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Archive for July, 2007

Busy, busy

I got a letter from Maya today, informing me that she loves camp and has lots of friends. Phew. That’s a relief.

I have also put the other two in day camp starting today. Boo is in Drama camp and is playing the part of Tiger Lily in Peter Pan. I have no idea who Tiger Lily is. Must go brush up on Peter Pan. They are happy too.

So now, here’s the plan: finish the damn book chapters I’ve been working on and declutter the house. My house is a disaster. My lovely cleaning lady/mother’s helper/marriage saver comes several days and cleans, folds laundry and picks up. But her method of dealing with the clutter is to just stack it randomly, or pile it into bags. Not a problem for a long time, as I just went through them and put things away as I had the energy, but when I got sick in January, my half of the system went to hell. Since then, I’ll get some energy to do some decluttering, but soon be overwhelmed again.

My mother, who has always had more energy than I do, came over this morning, and we rampaged through the kids’ rooms. She’s promised to keep coming back until it is done. I’m tempted to just throw everything out, but I realize that isn’t realistic.

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I know I’m a garden geek, but I can’t help myself. My garden is finally looking really nice, and I am getting all kinds of positive comments from neighbours. Of the rest of the houses on my street, most now have squares of brown, dormant grass, thanks to the heat. The few that are green are absolute water hogs. My garden is green and lush and beautiful, and I don’t water it at all. Yeah for perennial gardens!

This is what my Shasta Daisies looked like as I was leaving for vacation, with all the buds just about out:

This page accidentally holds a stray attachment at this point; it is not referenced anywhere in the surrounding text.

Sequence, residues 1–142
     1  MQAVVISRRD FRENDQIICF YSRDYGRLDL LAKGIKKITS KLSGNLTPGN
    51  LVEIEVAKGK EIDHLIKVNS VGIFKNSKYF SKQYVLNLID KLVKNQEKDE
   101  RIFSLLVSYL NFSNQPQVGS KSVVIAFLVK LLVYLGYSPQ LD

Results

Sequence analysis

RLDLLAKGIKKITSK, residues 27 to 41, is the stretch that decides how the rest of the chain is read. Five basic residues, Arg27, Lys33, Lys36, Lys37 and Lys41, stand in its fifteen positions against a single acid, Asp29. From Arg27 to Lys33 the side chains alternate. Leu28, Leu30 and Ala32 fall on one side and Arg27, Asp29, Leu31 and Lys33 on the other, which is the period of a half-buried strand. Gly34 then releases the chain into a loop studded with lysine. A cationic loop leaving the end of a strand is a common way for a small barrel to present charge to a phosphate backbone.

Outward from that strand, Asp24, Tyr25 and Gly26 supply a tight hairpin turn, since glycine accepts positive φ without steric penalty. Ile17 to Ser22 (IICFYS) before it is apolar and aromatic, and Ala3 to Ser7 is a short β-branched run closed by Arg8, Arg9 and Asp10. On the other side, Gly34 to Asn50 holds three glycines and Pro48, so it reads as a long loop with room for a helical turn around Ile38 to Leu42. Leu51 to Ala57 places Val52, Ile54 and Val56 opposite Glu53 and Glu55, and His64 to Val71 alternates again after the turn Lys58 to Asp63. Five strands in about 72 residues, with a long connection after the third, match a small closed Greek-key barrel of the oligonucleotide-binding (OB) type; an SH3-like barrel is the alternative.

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This is what it looked like when I got home:

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Pretty little pansies:

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My African Daisies, after finishing their blooming from when I first bought them, suddenly stopped budding at all. I was resigned to nice green plants until I came home to discover the plants had grown significantly and were producing dozens of new buds. This is the first one to bloom:

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Daylilies:

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Real lily:

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My flax has stopped blooming, which is weird because it is supposed to bloom all summer, but it isn’t so bad, because of the hundreds of seed pods:

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Another meme

Hey, I just spotted that MathMom tagged me for a meme. Oh goody, just the thing to post when I have another damn migraine and am so hopped up on meds that I can’t think straight.

Four jobs I’ve had

  1. Writer for CTV Morning show news
  2. writer and researcher for the Canadian Human Rights Tribunal
  3. strawberry planter and picker
  4. housecleaner.

Four movies I can watch over and over

  1. Henry V (Kenneth Branagh version)
  2. Aliens
  3. Groundhog Day
  4. Raiders of the Lost Ark

Four places I’ve lived

  1. Ottawa, Canada
  2. Toronto, Canada
  3. Kingston, Canada
  4. That’s it!

Four TV shows I love

  1. House
  2. Heroes
  3. Family Guy
  4. The Office.

Four places I’ve vacationed

  1. Jamaica
  2. Mexico
  3. San Fransisco
  4. Prince Edward Island.

Four of my favorite dishes

  1. Pad Thai
  2. Rice and Beans
  3. Pho soup
  4. Roast Chicken and roast potatoes.

Four sites I visit daily (um, frequently?)

  1. A golden doodle discussion board (yes, I know that is sad)
  2. a bunch of blogs
  3. Weather Network
  4. Baby Blues daily cartoon.

Four places I would rather be right now

  1. Jamaica
  2. the beach at the cottage
  3. PEI
  4. San Fransisco

Four People I Am Tagging

MathMom stole them all!

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Okay, she’s not exactly a baby, since she is 11, and she’s only gone to camp, but still, it’s weird.